Feeling at Home in the Synagogue
Yachad Program for Jewish Identity coordinators across Israel bring hundreds of children into shuls each year for hands-on “introduction to the synagogue” tours and events, creating ensuring that this generation grows up understanding that they can enter a synagogue whenever they want, feel comfortable there and know that they belong.
“Every Jewish Israeli child should feel comfortable in a synagogue,” asserts Noam Haddad, one of the Yachad Program for Jewish Identity‘s three coordinators in the central Israeli city of Rishon LeZion. “Even if their family identifies as secular, they should know that the synagogue belongs to them, and that all of the items within it are part of their rich heritage.”
To this end, Haddad and many of his fellow Yachad coordinators bring hundreds of Israeli children into shuls each year for hands-on “introduction to the synagogue” tours and events. The children are encouraged to touch the Torah scrolls, become familiar with ritual objects like the aron kodesh and ner tamid, make themselves at home in the pews, and hear stories about the significance of the synagogue in Jewish life over millennia. “The idea is to creating positive associations for the kids with the synagogue environment, to help ensure that they don’t grow up feeling that the synagogue is out of their realm,” says Yachad director Betzalel Safra.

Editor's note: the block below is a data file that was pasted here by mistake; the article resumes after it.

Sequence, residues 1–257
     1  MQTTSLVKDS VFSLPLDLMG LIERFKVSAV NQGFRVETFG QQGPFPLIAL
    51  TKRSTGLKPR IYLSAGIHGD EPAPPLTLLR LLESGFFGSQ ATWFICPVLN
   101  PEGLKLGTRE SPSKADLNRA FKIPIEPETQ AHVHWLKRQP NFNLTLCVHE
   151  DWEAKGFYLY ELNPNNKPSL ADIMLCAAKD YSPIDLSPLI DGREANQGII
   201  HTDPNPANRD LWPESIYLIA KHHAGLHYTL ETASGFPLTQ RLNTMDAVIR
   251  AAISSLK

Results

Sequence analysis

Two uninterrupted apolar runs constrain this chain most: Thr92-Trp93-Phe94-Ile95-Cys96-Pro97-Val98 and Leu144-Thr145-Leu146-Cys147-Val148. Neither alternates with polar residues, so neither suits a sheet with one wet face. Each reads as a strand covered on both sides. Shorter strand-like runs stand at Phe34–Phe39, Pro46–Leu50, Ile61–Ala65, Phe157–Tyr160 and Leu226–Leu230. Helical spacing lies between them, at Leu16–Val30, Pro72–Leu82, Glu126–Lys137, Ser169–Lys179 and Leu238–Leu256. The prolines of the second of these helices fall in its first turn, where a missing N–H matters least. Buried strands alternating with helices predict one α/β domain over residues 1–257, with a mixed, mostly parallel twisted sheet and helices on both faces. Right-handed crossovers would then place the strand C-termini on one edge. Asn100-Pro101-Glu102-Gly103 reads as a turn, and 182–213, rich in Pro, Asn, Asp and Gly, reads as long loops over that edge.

The benefit for the children is clear, but the program has also achieved an unexpected success: reaching many of the adults accompanying the children on the program as well, such as teachers and parent chaperones. Many report that the program has been a kind of reparative experience, making up for their past negative experiences in synagogues and other mainstream religious environments.
“So many Israelis don’t feel comfortable in the synagogue because they don’t really understand what happens there, or they think that it’s a place for observant Jews only,” says Safra. “But even those who have been alienated from Judaism over the years are able to reestablish their own connection to their heritage when they are brought back into the synagogue from this standpoint of warmth, fun and belonging.”